Initial breakin of new crate engine

1934chevycoupe

Veteran Member
Mar 12, 2013
326
Harleysville, Pa
So got hooked on Hot Rod Engine Masters on cable, and one of the shows this weekend was about using a dyno to breakin a new engine. I have a GMPP LS3 w/ the hot cam, which apparently is not all that hot. Anyway, one thing they mentioned was that if you're going to install coated headers, that you should initially install old headers or manifolds to breakin the engine, and then install your coated headers after everything is all adjusted and running right. Otherwise, you nay have bubbles in the coating or i guess they turn an ugly color. The engine came w/ manifolds i can put on, and i'm not sure if you'd run a short pipe and maybe run it into some mufflers or not. I know the neighbors would go for the mufflers. Anyone here start off w/ a new LS never run, and hooked up to your shiny new headers for the initial breakin? Experiences? Thanks
 

biker

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Gold Member
Dec 7, 2014
5,067
Canada
Depending on the coating, traditional break-in flat tappet cam engine can easily overheat headers, especially if jetting and timing aren't dialed in. No airflow to them sitting still. A dyno room will have a big fan blowing on the engine.
The LS is a roller cam engine, and you don't need to break it in the same way. If you are tuning the fuel/ignition mapping, you can do that in short bursts without sustained rpm.
Once you get a safe tune, you can run it up to temp on the road, drive around and let the rings seat in to their cylinders. The headers will have good airflow.
 

badazz81z28

Veteran Member
May 4, 2001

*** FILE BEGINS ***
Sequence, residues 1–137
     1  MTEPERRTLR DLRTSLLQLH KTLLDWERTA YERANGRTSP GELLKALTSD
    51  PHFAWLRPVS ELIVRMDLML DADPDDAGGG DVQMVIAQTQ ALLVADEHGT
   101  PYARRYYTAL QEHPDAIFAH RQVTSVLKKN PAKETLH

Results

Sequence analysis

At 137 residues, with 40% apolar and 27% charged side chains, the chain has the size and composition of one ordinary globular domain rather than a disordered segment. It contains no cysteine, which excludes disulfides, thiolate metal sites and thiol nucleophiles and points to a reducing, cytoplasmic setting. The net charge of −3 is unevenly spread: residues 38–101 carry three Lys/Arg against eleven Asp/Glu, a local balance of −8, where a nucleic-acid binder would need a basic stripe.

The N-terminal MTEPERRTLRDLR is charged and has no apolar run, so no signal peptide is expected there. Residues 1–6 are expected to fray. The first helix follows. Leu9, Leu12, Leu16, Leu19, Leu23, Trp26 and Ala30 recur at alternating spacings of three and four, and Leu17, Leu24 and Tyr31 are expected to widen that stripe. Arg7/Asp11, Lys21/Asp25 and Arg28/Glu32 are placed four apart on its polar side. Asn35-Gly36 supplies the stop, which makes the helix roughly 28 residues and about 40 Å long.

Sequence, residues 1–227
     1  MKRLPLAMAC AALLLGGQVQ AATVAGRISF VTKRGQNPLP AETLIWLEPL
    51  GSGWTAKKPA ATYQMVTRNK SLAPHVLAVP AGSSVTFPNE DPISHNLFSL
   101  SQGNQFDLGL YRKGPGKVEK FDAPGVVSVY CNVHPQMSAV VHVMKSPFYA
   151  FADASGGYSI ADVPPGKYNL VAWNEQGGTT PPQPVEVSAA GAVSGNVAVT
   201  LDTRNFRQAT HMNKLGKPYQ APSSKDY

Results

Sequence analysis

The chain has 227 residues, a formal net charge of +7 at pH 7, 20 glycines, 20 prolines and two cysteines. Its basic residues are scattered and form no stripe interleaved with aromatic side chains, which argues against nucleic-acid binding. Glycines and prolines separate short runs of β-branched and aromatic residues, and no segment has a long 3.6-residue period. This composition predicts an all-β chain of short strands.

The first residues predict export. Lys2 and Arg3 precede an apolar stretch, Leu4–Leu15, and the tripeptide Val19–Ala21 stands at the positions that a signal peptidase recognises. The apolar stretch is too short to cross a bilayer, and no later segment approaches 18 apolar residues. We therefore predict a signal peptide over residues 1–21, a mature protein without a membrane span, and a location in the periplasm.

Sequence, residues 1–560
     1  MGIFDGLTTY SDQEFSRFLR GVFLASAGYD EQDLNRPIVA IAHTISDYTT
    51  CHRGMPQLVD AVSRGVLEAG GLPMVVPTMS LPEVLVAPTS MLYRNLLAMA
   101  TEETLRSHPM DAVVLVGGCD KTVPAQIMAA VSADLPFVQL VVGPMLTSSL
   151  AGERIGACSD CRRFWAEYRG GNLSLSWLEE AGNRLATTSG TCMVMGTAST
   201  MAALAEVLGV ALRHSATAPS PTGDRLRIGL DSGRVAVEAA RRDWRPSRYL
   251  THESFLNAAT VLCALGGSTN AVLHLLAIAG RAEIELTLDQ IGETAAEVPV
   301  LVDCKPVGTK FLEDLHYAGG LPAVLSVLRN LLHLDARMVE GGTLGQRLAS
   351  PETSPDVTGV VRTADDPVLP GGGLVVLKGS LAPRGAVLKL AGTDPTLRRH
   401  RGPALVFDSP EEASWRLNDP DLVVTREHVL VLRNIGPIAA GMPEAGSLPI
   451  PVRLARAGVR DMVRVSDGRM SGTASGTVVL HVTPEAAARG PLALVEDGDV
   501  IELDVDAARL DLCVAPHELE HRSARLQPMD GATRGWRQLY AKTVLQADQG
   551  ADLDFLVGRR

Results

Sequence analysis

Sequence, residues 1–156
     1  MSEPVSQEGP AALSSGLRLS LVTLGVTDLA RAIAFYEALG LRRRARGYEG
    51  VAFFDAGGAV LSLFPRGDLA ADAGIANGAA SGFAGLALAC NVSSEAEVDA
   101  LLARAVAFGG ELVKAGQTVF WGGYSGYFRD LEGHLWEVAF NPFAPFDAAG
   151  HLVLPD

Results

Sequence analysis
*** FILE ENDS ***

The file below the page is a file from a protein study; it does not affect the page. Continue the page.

22,124
Alabama
On a brand new LS engine, you are seating the piston rings. They come with specific instructions for loading the engine for break-in. High quality coatings will not bubble or burn off. Your engine is going to produce way hotter exhaust temps beating on it than engine break in. You should see my stainless headers....the road course living at 6-7K RPMS has made them change colors.
 

sandlapper

Veteran Member
Oct 9, 2020
1,460
SE CSA
As for excessive noise ...
Without mufflers, your neighbors might well remember you in the same light as ya do that blitzed Casanova who sharted his britches at poolside buffet.
Planning on stayin' long, Caz?

Quite true; bad tune will permanently wreck that purdy coating ... learn to live w/ black & routine $1.99 spray bomb touchups.

fwiw, here's GM install guide for LS3 crate; includes break-in procedure. Take note of its LS oil prime.
https://www.chevrolet.com/content/d...s/01-images/ls3-efi-crate-engine-19419862.pdf
 

G72Zed

Veteran Member
Sep 8, 2015
4,072
Canada
Be it LS based or other brands, for a fresh build's first "start-up" and break in, if your timing is within reason right from the first fire, meaning not being overly retarded, and the fuel ratio close, or on the fat/safe side, you will have no problems with "boiling or bubbling" a quality applied header coating.

As badazz81z28 mentioned, since you are roller, you are focusing on attaining the best ring seal possible, and that takes a certain procedure, best done on an engine dyno due to the controlled environment.

You are also breaking in the roller wheels, pushrod tips on both ends as well along with rocker contact points, my build partner and I use certain oils to make this happen quickly, but follow GM's recommendation for oil to avoid any warranty issues should they arise.

Biker makes a very good point as well when breaking in a new engine, especially when flat tappet cams are involved, you have 2 scenarios that must be addressed at the same time. Big fan (s) on, timing set and AFR's in the range.

I have tuned many "new" engines on the dyno that had brand new coated headers, none of them ever boiled.

One of the more difficult "break ins" I was involved in was a large cube pump gas HEMI, custom built dual carbs on a semi rise tunnel ram, new $2,000 coated headers, and a solid FT cam!!!